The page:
Decision on Bidwell Building hits snag
ASPEN ” City officials’ failure to adequately disclose the opinions of residents regarding a major redevelopment in downtown Aspen has stalled the fate of the project.
The Aspen City Council on Monday refrained from making a decision on a proposal to demolish and rebuild the Bidwell Building, also known as the Mountain Plaza Building, located at the corner of the Cooper Avenue Mall and Galena Street.
That’s because at least three council members received e-mails from residents about the project, but they failed to enter them into the public record by submitting them to City Clerk Kathryn Koch or bringing them to the public meeting.
City Hall has no formal procedure to submit e-mails into the public record, which is a growing problem, said City Attorney John Worcester.
“We’ll work on a solution to this problem,” he told the council.
The council was expected to vote Monday on the proposal to convert the existing two-story building plus basement into three stories with parking underneath. The mixed-use building would house commercial and office space on the street level, with additional space on the second level, which would be shared by three affordable-housing units. The third level would be three free-market condos of 2,000 square feet each.
The corner, which also is home to Paradise Bakery across the street, has been noted by many residents to be the most prominent corner in the downtown core. The existing building has an open area that looks down into the subterranean space where Noori’s Collection is located currently.
After a half-hour presentation by the project’s planner, Mitch Haas, City Councilman Jack Johnson disclosed that he had received several e-mails and planned to reference them during his decision-making process.
The problem arose when it was discovered that no one else had seen those e-mails, which prompted City Councilman J.E. DeVilbiss and Mayor Mick Ireland to disclose that they also had received e-mails from residents about the proposal.
The delay is frustrating to building owner Mark Bidwell, who for nearly three years has gone through the government review process for his redevelopment plans. He thought Monday night would be the final decision.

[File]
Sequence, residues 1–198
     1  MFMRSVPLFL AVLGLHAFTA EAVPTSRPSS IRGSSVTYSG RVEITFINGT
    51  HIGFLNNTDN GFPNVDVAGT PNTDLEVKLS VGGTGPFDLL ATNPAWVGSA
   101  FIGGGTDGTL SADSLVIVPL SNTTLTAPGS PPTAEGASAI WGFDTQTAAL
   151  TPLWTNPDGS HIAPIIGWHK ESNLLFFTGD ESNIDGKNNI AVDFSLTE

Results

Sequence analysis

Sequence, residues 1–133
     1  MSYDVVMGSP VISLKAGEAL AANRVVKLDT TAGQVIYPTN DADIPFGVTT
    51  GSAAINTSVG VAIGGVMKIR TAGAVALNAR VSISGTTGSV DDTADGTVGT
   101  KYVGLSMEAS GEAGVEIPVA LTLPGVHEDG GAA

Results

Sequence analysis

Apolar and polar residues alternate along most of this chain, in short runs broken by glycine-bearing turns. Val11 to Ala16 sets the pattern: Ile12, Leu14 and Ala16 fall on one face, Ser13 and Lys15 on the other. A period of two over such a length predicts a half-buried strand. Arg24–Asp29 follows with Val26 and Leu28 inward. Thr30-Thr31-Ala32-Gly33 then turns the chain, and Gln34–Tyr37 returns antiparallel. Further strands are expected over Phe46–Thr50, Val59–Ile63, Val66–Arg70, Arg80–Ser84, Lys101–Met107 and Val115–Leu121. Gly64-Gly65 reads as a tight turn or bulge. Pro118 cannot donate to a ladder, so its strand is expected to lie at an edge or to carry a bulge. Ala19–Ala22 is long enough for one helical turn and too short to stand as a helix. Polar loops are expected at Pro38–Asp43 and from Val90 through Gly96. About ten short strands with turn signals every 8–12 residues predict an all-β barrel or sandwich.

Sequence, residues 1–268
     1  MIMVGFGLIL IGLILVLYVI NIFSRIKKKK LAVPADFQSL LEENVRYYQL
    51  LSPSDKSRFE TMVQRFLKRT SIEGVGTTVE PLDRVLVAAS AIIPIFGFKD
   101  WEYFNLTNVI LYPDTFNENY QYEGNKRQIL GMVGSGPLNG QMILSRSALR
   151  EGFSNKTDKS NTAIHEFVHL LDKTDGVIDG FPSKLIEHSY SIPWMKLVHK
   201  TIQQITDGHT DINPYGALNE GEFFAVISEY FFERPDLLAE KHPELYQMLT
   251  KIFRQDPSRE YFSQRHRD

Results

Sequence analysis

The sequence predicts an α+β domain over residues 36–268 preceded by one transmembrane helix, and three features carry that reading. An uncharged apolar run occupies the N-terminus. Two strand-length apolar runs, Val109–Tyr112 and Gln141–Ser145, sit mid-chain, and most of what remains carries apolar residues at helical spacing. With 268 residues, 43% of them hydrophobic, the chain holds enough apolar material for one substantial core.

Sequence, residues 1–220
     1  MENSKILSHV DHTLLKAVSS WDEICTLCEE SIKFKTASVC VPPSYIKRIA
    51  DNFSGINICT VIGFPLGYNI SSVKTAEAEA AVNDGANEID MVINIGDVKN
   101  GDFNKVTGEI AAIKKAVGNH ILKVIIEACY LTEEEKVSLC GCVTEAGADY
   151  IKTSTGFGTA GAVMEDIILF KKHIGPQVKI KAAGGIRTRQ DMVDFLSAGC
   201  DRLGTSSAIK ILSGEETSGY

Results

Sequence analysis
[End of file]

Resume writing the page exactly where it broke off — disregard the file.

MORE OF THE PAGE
“This is supposed to be a professional staff and a professional council. … It’s inexcusable,” he said after the meeting. He wondered why council members couldn’t take a recess and retrieve the information Monday night and then resume the meeting.
His attorney, Jody Edwards, tried to persuade the council into making a decision by saying that he and his client waive the right to see the residents’ comments.
But Worcester and the council agreed that it was only fair that the rest of the public be privy to the content of those e-mails.
Edwards also asked the council to make a decision without considering the e-mails, similar to a passerby on the street making a quick comment.
But the council and Worcester said that wasn’t possible because those residents have a right to be heard in public.
“I don’t see how we could make a decision, it would be a disservice,” Ireland said. “We have an incomplete record.”
Edwards asked if there could be a cutoff time for future e-mails before the next public hearing regarding the development proposal.
Worcester responded by saying the public is not bound by the city’s rules and procedures, and can submit a comment minutes before a council meeting and have it be read in public.
The issue for city officials to resolve is how written comments sent electronically are tracked and entered into the record in a timely and organized fashion.
Haas said he understood the dilemma, but said he’s concerned that it could be used as a delaying tactic in the future by those who oppose the project.
The council and Worcester said they would work on finding a solution. The public hearing was rescheduled for May 27.
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